in the kitchen, Margolis installed pale-green granite countertops, simple white-painted cabinetry
with recessed panels, bin pulls, and understated but effective lighting. A band of watery green glass tile
runs along the bottom of the backsplash, topped with ceramic subway tiles. The hardwood floors are
original to the house.
conceived as a unity,” Margolis says. “There
is a quality of materials, honesty of materi-
als, and the materials used are enduring.”
Such durability, he notes, addresses current
views about the built environment. “Today,
sustainability has become a strong concern.
That reinforces all the guiding principles of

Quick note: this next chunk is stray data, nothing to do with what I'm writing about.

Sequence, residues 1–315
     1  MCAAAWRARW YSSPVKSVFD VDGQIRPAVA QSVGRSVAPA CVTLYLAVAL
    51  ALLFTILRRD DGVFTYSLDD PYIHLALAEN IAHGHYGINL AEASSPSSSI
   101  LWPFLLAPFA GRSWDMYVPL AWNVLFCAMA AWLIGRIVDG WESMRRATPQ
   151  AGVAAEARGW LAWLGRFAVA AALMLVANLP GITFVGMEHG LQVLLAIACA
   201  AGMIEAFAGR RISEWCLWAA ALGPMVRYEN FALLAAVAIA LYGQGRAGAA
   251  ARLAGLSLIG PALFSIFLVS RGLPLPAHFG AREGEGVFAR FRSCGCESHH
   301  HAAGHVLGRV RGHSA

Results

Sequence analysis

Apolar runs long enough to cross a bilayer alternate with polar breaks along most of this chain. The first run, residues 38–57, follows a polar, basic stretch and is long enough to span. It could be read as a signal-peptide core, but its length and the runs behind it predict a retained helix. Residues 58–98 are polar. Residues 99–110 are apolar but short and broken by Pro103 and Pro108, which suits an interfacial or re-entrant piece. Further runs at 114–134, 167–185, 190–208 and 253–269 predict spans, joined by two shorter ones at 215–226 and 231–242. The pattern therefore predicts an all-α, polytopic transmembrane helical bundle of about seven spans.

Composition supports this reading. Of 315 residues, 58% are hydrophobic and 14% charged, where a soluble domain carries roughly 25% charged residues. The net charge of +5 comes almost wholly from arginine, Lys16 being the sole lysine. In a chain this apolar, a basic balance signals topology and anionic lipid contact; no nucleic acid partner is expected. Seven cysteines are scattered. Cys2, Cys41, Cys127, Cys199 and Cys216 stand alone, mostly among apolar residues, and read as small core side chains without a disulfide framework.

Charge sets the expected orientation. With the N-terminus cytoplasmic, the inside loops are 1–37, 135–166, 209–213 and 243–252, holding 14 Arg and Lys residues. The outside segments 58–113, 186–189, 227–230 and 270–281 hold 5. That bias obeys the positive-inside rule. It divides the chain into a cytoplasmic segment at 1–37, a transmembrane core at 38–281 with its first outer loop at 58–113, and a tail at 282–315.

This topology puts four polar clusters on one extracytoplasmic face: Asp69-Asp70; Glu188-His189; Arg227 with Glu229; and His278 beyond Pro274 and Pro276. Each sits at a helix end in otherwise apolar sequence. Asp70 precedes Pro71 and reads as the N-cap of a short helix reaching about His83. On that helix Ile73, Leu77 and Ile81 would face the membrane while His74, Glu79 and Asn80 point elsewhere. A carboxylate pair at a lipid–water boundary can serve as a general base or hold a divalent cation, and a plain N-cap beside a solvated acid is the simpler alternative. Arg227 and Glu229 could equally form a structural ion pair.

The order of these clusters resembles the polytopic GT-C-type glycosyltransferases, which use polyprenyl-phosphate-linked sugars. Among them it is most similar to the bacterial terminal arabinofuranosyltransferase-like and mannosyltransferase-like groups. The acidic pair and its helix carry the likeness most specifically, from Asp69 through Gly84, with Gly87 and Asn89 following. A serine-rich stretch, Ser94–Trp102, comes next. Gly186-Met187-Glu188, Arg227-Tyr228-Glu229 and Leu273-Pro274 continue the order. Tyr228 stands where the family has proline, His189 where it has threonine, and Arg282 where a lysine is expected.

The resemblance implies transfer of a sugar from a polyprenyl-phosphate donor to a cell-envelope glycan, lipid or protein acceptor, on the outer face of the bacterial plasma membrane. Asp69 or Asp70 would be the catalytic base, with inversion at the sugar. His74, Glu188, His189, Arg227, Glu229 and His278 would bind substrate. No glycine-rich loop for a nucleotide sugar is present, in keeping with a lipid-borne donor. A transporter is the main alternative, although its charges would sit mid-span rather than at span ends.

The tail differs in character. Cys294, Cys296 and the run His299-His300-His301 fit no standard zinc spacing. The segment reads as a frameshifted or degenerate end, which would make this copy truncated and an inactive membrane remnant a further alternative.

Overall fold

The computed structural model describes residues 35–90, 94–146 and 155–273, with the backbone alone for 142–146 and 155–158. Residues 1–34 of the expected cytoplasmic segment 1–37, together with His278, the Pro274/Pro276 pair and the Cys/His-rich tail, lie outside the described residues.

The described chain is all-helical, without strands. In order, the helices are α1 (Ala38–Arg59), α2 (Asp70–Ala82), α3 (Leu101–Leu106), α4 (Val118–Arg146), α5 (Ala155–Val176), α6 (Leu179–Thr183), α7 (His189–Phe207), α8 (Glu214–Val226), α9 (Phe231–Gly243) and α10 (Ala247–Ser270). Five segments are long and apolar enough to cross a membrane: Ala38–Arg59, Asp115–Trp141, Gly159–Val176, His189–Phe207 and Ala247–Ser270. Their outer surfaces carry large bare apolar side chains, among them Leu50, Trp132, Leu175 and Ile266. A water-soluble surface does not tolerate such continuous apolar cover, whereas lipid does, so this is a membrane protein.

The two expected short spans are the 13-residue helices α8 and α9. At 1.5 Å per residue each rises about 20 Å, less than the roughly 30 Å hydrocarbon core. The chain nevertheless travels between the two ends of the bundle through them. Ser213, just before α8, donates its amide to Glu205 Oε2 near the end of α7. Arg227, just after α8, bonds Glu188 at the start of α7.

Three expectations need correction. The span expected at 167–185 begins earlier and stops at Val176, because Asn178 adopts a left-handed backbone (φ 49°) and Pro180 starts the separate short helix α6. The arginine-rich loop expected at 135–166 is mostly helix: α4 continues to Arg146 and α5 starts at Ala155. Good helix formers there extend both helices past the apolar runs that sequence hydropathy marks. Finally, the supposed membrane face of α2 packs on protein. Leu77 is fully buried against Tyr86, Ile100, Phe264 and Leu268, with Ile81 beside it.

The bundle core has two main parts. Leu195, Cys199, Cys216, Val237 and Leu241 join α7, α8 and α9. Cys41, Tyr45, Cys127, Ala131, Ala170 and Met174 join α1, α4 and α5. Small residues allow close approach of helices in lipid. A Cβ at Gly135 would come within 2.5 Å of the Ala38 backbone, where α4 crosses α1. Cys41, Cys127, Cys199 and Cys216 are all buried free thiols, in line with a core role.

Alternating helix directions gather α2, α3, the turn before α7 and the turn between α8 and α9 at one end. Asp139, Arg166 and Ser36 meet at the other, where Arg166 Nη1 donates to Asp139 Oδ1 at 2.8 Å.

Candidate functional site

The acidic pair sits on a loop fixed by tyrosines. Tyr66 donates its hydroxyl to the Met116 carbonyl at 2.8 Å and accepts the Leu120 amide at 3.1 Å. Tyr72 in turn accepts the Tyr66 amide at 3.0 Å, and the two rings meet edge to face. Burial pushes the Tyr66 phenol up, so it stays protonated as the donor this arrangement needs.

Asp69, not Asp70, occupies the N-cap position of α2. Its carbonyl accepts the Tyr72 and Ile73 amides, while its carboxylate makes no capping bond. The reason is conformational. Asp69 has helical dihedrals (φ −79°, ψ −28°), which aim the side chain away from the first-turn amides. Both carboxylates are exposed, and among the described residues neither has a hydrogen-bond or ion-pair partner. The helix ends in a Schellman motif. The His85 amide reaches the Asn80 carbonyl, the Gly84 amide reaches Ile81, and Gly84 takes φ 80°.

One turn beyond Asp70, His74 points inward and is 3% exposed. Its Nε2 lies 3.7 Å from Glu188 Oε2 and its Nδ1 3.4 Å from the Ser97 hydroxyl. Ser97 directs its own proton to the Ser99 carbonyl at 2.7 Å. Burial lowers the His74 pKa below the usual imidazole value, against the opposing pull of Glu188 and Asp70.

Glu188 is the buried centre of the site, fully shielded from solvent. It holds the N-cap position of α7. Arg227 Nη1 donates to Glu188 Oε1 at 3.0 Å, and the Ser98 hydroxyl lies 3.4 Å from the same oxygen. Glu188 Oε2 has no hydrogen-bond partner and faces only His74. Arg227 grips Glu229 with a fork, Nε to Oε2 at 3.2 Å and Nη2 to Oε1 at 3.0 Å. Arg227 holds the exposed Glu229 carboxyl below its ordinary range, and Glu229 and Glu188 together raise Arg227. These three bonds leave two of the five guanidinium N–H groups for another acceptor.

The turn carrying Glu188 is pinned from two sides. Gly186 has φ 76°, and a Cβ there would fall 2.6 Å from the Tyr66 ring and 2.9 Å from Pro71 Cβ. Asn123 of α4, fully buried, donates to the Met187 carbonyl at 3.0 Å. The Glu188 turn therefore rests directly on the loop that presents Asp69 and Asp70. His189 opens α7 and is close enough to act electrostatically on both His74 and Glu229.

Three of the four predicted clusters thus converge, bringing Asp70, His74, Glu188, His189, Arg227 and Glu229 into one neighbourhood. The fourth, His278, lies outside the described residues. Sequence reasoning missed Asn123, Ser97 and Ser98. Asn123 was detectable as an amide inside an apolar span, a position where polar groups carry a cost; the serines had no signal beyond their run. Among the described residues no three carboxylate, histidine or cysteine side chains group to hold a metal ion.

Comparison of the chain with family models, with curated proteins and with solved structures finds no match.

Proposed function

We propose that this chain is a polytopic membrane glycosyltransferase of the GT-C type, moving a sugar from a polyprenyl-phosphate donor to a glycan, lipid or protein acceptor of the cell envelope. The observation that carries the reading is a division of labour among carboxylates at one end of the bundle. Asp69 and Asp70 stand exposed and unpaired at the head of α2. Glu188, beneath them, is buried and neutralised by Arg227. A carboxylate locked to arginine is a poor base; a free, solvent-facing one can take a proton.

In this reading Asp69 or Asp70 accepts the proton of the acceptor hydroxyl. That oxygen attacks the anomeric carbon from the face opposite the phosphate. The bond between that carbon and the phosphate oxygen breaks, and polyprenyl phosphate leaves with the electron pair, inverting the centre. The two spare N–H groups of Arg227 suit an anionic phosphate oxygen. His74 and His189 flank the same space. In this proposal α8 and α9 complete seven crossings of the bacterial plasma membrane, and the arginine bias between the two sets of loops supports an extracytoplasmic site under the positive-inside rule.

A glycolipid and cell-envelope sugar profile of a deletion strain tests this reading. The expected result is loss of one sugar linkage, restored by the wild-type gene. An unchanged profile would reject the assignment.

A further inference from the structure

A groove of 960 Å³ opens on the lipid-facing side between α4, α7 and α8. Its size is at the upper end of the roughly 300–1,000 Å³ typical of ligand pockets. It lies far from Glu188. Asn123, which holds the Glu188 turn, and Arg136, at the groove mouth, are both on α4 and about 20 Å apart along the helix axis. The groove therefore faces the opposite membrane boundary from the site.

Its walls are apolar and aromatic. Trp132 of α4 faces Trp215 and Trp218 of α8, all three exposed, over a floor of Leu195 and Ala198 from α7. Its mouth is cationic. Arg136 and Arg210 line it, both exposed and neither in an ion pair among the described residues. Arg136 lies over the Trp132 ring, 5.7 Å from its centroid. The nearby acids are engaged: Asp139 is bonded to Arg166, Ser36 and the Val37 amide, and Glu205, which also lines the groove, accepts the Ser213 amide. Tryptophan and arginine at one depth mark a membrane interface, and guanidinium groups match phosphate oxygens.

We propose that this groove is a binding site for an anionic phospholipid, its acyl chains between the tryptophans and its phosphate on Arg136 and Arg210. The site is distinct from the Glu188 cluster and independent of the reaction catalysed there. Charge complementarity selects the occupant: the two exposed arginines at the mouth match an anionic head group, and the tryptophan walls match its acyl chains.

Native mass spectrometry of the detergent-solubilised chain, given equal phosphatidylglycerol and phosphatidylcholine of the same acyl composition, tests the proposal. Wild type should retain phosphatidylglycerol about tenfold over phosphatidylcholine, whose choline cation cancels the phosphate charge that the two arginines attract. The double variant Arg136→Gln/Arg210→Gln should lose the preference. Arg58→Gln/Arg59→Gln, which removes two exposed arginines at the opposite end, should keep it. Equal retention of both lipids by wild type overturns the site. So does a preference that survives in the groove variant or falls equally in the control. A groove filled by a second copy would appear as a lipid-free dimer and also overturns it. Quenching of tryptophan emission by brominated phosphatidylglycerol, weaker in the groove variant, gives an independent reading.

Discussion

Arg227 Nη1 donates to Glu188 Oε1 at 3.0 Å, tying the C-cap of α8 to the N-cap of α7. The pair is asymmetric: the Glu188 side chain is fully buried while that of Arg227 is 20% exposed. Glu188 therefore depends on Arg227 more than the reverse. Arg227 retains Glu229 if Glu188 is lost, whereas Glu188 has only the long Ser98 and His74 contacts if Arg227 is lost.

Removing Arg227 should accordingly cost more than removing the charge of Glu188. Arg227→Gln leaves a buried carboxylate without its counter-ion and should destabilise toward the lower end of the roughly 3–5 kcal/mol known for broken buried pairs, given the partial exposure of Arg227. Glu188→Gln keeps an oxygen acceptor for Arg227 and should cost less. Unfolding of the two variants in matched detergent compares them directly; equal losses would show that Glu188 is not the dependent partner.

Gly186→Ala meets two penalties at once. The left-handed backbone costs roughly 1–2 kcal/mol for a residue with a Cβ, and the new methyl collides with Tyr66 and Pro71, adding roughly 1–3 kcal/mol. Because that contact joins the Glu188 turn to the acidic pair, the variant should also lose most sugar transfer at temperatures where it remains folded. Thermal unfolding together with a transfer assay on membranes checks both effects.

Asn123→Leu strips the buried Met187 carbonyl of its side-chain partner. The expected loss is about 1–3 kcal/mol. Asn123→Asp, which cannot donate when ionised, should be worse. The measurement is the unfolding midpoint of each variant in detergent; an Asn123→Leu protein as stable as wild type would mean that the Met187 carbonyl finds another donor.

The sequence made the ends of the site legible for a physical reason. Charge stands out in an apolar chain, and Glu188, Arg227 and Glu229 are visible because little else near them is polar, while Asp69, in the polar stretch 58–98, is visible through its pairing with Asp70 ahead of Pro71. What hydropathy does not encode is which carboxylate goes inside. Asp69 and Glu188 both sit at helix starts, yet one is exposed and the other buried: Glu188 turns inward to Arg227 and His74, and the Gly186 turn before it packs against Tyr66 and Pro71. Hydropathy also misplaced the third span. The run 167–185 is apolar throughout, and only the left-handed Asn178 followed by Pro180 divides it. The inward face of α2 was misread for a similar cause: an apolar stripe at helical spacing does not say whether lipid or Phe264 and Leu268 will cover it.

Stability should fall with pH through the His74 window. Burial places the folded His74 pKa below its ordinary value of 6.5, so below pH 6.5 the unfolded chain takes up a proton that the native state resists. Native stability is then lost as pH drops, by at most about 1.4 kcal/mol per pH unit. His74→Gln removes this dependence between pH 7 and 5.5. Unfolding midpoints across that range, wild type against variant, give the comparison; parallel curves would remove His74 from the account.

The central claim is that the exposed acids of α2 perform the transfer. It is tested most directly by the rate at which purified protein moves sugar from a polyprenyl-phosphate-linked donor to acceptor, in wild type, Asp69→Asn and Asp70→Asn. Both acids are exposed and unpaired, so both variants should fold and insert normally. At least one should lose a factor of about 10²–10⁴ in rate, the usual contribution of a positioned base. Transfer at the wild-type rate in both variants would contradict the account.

For him, the Shingle Style falls into the
realm of humane classicism. “The climate
informs what is designed in different parts of
the country,” he says. In New England, espe-
cially along the coast, the Shingle Style was
up to the challenge of seasonal storms while
also encouraging leisurely summer engage-
ment, with broad shaded porches and designs
that allowed for maximum cross ventilation
and easy interaction with the outdoors.
While the rooms of his house ramble,
they organize around the central entry foyer.
To one side is the formal dining room, with
the family room and kitchen beyond. A large
living room and a small sitting room balance